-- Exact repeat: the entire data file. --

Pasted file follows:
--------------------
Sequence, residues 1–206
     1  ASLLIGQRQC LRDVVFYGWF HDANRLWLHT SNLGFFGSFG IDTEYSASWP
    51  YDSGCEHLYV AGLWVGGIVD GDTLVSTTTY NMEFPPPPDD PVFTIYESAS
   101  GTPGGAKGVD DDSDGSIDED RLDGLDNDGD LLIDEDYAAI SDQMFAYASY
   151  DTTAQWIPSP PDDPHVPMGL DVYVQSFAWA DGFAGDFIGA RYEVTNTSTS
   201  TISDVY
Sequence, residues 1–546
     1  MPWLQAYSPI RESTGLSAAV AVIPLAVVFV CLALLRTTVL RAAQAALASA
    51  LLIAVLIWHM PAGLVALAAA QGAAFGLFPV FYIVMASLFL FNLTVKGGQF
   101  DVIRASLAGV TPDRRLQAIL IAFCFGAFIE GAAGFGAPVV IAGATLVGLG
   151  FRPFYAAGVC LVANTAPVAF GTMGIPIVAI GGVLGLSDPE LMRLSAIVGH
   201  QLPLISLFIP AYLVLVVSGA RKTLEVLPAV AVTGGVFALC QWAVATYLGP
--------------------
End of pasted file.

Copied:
Sequence, residues 1–206
     1  ASLLIGQRQC LRDVVFYGWF HDANRLWLHT SNLGFFGSFG IDTEYSASWP
    51  YDSGCEHLYV AGLWVGGIVD GDTLVSTTTY NMEFPPPPDD PVFTIYESAS
   101  GTPGGAKGVD DDSDGSIDED RLDGLDNDGD LLIDEDYAAI SDQMFAYASY
   151  DTTAQWIPSP PDDPHVPMGL DVYVQSFAWA DGFAGDFIGA RYEVTNTSTS
   201  TISDVY
Sequence, residues 1–546
     1  MPWLQAYSPI RESTGLSAAV AVIPLAVVFV CLALLRTTVL RAAQAALASA
    51  LLIAVLIWHM PAGLVALAAA QGAAFGLFPV FYIVMASLFL FNLTVKGGQF
   101  DVIRASLAGV TPDRRLQAIL IAFCFGAFIE GAAGFGAPVV IAGATLVGLG
   151  FRPFYAAGVC LVANTAPVAF GTMGIPIVAI GGVLGLSDPE LMRLSAIVGH
   201  QLPLISLFIP AYLVLVVSGA RKTLEVLPAV AVTGGVFALC QWAVATYLGP